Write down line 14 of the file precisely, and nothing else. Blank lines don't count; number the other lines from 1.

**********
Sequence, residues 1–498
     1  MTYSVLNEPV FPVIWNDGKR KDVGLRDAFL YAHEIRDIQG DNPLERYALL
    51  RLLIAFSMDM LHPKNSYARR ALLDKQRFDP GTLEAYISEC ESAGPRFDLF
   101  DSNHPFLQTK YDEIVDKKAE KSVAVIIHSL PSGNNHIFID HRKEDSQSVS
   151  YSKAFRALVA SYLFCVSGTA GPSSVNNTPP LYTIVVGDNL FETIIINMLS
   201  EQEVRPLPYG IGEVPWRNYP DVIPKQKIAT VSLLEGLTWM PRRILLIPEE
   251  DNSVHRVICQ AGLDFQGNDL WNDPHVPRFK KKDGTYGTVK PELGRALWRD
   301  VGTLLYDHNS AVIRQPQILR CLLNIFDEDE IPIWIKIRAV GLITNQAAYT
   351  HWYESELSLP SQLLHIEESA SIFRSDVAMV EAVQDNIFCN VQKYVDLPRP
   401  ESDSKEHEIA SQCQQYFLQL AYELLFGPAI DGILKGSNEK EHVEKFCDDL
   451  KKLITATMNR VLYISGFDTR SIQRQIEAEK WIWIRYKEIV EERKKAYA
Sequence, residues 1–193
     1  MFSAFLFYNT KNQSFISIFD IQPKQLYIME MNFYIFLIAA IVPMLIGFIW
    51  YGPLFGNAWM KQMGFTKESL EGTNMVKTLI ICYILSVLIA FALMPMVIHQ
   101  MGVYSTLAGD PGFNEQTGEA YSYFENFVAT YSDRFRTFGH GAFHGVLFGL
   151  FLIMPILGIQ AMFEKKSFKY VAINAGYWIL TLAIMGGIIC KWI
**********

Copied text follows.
    51  YGPLFGNAWM KQMGFTKESL EGTNMVKTLI ICYILSVLIA FALMPMVIHQ